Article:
An Open Letter to Kevin Wolff, Candidate for Mayor of Chapel Hill

After reading an email about Kevin Wolff's "Warning to Chapel Hill Residents", I was inspired by the response from the men of the IFC shelter to write an open letter to Mr. Wolff regarding his allegations about the danger of moving the men's shelter near Homestead Park.

Mr. Wolff:

I am a student of the University of North Carolina and a member of Homeless Outreach Poverty Eradication (HOPE), a committee of the Campus Y. Through our innovative projects such as Talking Sidewalks and HOPE Gardens, we strive to educate students and the surrounding community about homelessness in Chapel Hill. We work closely with both residents of the IFC shelters as well as our friends who are living in the streets. The most important aspect of each of HOPE’s projects is the relationships that we form with those experiencing homelessness and poverty. We truly care about each and every person that we come in contact with and do everything in our power to help them whether it’s sharing a monthly meal or educating them about financial literacy.

After reading your warning to the residents of Chapel Hill, I was dismayed and embarrassed. I was dismayed because as a man who is running for a public office to represent Chapel Hill, you have used silly tactics to win favor in your struggling campaign. I was embarrassed because I used to be you. When I first came to Chapel Hill, I shared the same ignorance you have displayed with your “warning”. When I came across a homeless person, I would walk by without acknowledging them even if all they were saying was “Good Morning”. I was afraid of them because in my ignorant mind, I thought they were all potential thieves, kidnappers, etc. I thought that it was their fault for the predicament that they were in and if they just tried a little harder, they wouldn’t be homeless. Looking back on how I used to think, shame on me. And shame on you.

Homelessness is not an individual problem; it’s a community problem. The system that is in place to help these men and women is broken. How can you expect these men to be able to break the cycle of homelessness if they do not even have a decent place to lay their head at night? As the weather changes and nights are colder, many of them have to sleep on the floor. Have we forgotten that these men are human? Are you comfortable knowing that you are attempting to stop a process of bettering people’s lives? You have proposed that there be a better site for the shelter. Well, just what are your suggestions? Or would you just like to ship them out of Chapel Hill like homelessness doesn’t exist? Poverty and homelessness exists in every corner of America, Sir. This is not a problem that we can just sweep under the rug and act like it’s not there.

I understand your concerns as a parent. You have the right to make sure that the area in which your children live in is safe. However, I must ask you this: are you concerned about the 10 sex offenders that are already living within a 3 mile radius of Homestead Park? Of these 10, at least 3 have multiple counts of indecent liberty with a minor. Have you kept your children away from the park because of the potential threat that is already lurking there? If not, then your concern isn’t with public safety, but with having to actually face the issue of homelessness that is a very real problem in Chapel Hill.You cannot close your eyes to this and pretend it's not there.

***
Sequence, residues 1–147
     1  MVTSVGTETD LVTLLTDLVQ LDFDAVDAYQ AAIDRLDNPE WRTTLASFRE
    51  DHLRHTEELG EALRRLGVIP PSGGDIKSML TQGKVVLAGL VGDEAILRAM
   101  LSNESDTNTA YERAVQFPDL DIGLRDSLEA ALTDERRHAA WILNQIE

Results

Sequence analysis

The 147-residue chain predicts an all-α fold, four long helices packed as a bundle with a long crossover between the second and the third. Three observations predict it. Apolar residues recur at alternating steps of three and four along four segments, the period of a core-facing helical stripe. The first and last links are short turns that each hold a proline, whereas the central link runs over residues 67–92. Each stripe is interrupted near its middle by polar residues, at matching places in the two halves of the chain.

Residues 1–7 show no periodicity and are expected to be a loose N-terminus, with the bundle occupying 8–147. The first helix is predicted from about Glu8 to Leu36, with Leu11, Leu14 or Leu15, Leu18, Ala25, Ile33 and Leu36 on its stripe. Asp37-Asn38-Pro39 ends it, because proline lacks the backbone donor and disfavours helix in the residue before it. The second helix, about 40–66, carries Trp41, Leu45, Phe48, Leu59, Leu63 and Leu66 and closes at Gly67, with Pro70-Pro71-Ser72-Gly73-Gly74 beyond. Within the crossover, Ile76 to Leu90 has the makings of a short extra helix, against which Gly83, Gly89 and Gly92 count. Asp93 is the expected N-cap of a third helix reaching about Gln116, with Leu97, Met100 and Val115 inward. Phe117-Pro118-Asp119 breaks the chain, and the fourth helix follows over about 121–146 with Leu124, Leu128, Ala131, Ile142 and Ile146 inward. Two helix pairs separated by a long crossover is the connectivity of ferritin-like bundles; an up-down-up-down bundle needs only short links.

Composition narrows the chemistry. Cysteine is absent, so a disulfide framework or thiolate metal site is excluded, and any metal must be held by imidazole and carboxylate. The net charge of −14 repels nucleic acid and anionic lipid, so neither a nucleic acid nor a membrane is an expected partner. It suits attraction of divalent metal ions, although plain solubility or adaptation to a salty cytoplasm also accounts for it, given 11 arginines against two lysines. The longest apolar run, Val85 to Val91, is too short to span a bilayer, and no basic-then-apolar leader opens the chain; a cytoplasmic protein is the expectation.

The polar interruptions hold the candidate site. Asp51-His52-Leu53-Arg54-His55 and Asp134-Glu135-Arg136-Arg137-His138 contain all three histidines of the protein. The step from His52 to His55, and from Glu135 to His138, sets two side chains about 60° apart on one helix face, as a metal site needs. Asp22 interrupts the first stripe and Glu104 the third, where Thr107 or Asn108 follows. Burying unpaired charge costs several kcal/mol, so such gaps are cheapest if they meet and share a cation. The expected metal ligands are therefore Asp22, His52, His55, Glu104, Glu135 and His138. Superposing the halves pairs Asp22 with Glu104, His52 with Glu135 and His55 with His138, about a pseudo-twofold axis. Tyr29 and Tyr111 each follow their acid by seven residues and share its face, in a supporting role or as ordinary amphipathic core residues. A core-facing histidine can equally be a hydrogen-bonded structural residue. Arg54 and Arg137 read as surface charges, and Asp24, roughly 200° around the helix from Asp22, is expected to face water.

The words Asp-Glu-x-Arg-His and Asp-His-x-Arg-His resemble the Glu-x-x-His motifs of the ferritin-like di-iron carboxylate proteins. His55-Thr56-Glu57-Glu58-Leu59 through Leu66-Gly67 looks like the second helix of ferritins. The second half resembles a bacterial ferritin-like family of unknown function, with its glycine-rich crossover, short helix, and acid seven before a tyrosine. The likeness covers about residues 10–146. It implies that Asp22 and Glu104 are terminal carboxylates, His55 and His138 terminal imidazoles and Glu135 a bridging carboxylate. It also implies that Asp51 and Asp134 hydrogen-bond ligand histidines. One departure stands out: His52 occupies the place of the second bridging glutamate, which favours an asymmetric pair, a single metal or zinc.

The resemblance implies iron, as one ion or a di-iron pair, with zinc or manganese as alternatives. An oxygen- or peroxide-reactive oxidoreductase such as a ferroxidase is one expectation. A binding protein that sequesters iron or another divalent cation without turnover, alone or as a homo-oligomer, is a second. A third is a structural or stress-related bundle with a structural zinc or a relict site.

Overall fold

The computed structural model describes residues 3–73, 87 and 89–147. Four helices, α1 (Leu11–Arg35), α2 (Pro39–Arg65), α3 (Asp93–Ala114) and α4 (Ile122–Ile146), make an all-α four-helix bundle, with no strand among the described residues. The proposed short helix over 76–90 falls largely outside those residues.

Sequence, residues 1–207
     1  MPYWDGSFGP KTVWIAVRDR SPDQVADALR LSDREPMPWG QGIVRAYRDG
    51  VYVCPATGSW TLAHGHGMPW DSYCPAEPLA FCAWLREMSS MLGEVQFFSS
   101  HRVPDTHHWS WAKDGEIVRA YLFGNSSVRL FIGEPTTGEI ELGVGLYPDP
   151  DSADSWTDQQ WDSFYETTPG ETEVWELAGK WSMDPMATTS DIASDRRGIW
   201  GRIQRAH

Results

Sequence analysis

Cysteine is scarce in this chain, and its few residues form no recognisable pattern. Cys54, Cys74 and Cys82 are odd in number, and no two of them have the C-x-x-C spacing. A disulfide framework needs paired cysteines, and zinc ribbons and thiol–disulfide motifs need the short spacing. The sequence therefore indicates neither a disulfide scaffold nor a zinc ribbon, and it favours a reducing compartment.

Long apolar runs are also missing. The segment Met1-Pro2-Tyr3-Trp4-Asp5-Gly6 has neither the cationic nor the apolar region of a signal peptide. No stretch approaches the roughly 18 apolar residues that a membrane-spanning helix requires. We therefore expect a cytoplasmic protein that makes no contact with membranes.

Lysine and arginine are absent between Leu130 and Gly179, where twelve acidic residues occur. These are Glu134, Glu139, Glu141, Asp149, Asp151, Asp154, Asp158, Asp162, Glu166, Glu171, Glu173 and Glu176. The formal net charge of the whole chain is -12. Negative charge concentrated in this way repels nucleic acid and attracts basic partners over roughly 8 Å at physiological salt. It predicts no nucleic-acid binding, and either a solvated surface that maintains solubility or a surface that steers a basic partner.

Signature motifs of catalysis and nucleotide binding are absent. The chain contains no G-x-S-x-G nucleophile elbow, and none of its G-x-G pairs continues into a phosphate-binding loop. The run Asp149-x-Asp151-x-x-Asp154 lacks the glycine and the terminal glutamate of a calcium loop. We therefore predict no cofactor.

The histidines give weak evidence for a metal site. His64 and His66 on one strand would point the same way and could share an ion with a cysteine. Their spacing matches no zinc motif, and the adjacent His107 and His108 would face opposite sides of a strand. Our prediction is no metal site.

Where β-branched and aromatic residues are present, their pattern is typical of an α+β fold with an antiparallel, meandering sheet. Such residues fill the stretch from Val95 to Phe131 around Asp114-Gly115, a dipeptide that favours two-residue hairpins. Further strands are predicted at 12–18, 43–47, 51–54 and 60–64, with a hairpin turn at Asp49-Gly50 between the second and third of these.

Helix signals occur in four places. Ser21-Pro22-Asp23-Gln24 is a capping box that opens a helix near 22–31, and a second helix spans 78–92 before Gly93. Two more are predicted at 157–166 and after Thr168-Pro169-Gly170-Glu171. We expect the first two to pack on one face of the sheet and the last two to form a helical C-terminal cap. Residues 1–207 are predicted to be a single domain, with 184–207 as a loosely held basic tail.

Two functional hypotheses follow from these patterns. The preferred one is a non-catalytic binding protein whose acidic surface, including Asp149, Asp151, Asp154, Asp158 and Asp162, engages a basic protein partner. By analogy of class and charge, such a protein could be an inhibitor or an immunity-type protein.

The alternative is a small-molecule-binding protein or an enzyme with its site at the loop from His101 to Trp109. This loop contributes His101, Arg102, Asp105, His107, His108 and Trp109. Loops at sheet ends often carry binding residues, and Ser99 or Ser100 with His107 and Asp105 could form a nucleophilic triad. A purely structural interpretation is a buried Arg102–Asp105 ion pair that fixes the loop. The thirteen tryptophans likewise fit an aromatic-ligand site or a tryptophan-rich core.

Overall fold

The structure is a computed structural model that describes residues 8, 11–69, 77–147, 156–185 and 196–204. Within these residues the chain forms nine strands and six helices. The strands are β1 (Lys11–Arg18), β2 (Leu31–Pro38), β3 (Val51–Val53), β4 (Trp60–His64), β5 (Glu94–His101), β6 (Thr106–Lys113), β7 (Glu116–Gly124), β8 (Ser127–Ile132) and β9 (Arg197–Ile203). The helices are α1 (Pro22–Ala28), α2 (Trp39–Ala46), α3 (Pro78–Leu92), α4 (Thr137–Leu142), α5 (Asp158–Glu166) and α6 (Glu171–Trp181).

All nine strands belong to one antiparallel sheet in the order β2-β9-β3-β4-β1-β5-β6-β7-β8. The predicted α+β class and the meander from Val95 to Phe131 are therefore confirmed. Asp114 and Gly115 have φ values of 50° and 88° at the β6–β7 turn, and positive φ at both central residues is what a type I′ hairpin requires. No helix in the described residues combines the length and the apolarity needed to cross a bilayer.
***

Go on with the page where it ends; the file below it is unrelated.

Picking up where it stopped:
Mr. Wolff, if I may make a suggestion, why don’t you take a tour of the current building and then tell me if you think it’s suitable for anyone to live in. Have a conversation with these men. Get to know them and find out why they are homeless. Learn about their lives and the vast improvements many of them have made toward independence and bettering their lives in spite of the conditions they live in. Lastly, I want you to read your warning letter to their faces and witness what I did: the hurt, pain, and confusion as to why someone who has never spoken to them would label them with such nasty and vile names. Tell them to their faces that they are not worthy of your respect and worthy of a decent place where they can live to get their lives on track. Tell them to their faces that they are less than human beings and that you wish they did not live here in Chapel Hill. You see, you have forgotten that in spite of their predicaments, in spite of their hardships, and in spite of their stumbling blocks, they are people who deserve love, respect, and a community that cares about them and wants to see them excel. You, Mr. Wolff, do not represent what Chapel Hill is about. Chapel Hill is where I came to fulfill my dreams and to learn to be a better person. They deserve the same.

I can proudly say that when I encounter a homeless person on the street, I no longer have those fears. I am able to respond with “Good Morning. How are you?” I enjoy being on a first name basis with many of these men and women and I enjoy our weekly, and sometimes daily, conversations. I may not have changed your mind about how you feel about homeless people, but I hope I have brought to light that these men are some very special people to a lot of Chapel Hill residents and students. If only your ignorance would let you get to know some of them, then your life may be changed as they have drastically changed mine.




Joyelle Gordon 



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